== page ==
Archive for May, 2010


May 11, 2010

I was watching Blade Runner over the weekend.  Deckard the detective was quizzing Tyrell about his soon to be replicant girlfriend as to how she could be oblivious to the fact that she was an android.  Tyrell responded: “Commerce is our goal……”

Today, I had a conversation with someone about Belle Isle.  I mention how the albino deer had been removed from the island prior to the commencement of the grand prix races a few years ago.  To my dismay, I was informed that the deer had actually been corralled at the island zoo  and eventually died off after being imprisoned there!   Upon further discussion I found out that a plan was in the works to remove the Canadian Geese that are now in overabundance on the island.

The news was depressing to me.  I have lived in Detroit most of my life.  I spent some years on the sprawling Michigan State University campus and in a farming community in southwestern Michigan which provided me with exposure to flora and fauna ad nauseam.  I am an urbanite, a native Detroiter.   I am accustomed to concrete and pavement but thanks to Antoine Laumet de La Mothe, sieur de Cadillac, I have the opportunity to go down to the river, hang out at the water’s edge, take my shoes off and languish in the grass.  I go to Belle Isle 2-3 times a week all year round.  I feed the geese, the Sparrows and the Finches.  I watch the Gulls fight and bully the smaller birds.  I read, gaze longingly at Windsor, take lots pictures and daydream about being a merchant marine on an Atlantic bound freighter.

Commerce is robbing me of my little piece of urban paradise.  Goose shit and goslings are problematic to city managers!  In order to avoid cleaning up dead birds that fools run over as the unassuming animals attempt to cross the road and to keep the island, the geese must be removed!

More Human Than Human

Over twenty years ago, I worked for the Michigan Department of Public Mental Health.   The brain trust of the department decided that institutions that housed the mental and developmentally challenged must be closed.  The propaganda that the department put out indicted institutions as being “too restrictive” for the people housed in them.  The belief at the time was that the delivery system had become top heavy with bureaucrats and there was not enough “hands on” treatment.  By providing funding directly to community mental health service providers the brain trust envisioned that consumers would receive better more targeted services in less restrictive settings.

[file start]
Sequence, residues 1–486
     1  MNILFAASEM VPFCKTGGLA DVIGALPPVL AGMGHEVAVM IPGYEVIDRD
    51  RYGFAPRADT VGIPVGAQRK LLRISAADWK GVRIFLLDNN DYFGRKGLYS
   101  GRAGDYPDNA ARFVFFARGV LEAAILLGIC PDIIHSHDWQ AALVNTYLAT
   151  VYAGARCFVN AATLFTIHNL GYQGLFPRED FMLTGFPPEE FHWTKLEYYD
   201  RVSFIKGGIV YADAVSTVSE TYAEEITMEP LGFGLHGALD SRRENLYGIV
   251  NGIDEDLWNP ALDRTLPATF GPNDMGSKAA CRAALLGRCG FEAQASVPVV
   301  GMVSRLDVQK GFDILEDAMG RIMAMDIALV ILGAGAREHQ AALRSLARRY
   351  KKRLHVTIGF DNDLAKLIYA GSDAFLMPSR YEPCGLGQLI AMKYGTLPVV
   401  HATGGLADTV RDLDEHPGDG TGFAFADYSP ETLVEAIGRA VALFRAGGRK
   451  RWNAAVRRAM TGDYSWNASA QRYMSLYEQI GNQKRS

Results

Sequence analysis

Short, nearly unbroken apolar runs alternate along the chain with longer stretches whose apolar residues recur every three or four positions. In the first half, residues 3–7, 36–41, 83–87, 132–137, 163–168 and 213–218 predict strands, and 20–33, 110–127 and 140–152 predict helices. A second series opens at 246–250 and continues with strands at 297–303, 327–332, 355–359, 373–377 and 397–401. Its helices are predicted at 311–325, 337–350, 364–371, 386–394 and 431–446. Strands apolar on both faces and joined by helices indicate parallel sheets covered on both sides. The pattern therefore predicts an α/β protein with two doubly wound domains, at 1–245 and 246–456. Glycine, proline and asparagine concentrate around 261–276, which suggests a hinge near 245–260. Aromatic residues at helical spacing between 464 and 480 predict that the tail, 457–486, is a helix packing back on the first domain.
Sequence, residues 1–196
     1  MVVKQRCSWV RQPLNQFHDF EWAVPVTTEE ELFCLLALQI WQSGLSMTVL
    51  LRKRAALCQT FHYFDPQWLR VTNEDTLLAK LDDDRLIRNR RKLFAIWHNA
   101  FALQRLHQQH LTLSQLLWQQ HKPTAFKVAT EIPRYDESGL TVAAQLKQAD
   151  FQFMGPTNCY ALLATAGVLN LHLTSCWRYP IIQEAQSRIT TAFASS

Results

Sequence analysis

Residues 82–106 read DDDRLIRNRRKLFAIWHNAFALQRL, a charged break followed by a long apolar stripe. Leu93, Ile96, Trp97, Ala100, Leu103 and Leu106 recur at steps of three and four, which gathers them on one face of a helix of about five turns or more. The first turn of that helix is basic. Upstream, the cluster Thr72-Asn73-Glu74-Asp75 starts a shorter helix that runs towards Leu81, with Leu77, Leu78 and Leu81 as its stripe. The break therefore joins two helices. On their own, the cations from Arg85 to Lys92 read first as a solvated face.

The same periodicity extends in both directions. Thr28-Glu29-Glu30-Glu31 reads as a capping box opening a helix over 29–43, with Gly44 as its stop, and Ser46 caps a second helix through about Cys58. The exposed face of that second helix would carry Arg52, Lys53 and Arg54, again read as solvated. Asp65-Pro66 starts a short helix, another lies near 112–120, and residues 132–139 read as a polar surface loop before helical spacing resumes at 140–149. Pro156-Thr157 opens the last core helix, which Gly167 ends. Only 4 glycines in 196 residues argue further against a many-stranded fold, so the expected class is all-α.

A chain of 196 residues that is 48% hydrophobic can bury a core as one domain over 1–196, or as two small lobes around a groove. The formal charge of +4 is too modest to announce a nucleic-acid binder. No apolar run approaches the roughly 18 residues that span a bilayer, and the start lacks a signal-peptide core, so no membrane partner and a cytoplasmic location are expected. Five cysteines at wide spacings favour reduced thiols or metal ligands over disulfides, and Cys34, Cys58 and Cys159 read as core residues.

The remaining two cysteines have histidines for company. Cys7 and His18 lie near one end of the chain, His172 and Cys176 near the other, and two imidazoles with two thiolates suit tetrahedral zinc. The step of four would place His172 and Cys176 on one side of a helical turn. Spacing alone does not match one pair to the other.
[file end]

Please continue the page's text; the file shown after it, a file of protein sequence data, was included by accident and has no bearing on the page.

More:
I am admittedly biased when it comes to institutions.  I worked at an institution for the developmentally challenged in that rural community, at the start of my professional career.  The staff was comprised mainly of farmers from the local community who would bring the residents fresh vegetables from their gardens in the summer and fall.  The direct care staff took very good care of the residents.  Many of the staff had established long term relationships with the residents and developed affinities for them.  Some of the staff expressed to me that they cared more for the residents than some of their biological children!

The Department of Mental Health worked with contractors and direct care providers to develop alternative housing that was deemed less restrictive than big institutions.  Institutional life for some was admittedly a double edge sword.  Back in the day, people- mainly young women- were locked away for being promiscuous or narcissistic.  There were others however that had physical and emotional problems that required that they receive twenty four hour supervision.  When deinstitutionalization was completed many of the consumers that required twenty four hour medical supervision were temporarily housed in intensive care units in hospitals.  The state could not afford to bear the expense of critical care over the long term.  Eventually, those consumers were moved into licensed foster care facilities.  Like my albino deer, many of them died n that first year of life without twenty four hour medical supervision.  The Michigan Department of Public Mental Health however declared placement of residents in less restrictive living arrangements a resounding success!

The restrictive environment that provided consumers with dorm like rooms with heated floors, three meals a day, hot baths, physical therapy, clean clothing, recreation, medical care and dental services has been replaced by correctional facilities and understaffed underfunded clinics that provide mental health service delivery to consumers.  The folks who were housed at Coldwater Regional Center, Lapeer, Northville and Lafayette Clinic now roam the streets or end up in county lock ups.  The street has become their least restrictive environment.  Commerce triumphed(?). 

The Michigan public mental health service delivery which was one of the best in the nation no longer exists.  The Blanchard Administration in the early eighties decided that it was no longer feasible to fund such a massive bureaucracy.   The belief was that the private sector could provide better services without the overhead.  The brain trust was wrong. 

The infrastructure of the tax based economy has eroded.  The Big Three and the silicon empire have left the building.  Tourista are afraid to come to the Water Wonderland because of all the negative media.  The police can no longer take people that are a danger to themselves and their love ones to Eloise.  Lafayette Clinic is now a charter school.  The jails are overcrowded.  Mentally challenged miscreants are being released from prison only to commit more crimes

And now the Canadian Geese on Belle Isle at Detroit will be exiled to a place they do not recognize as home.  Commerce is our ONLY goal.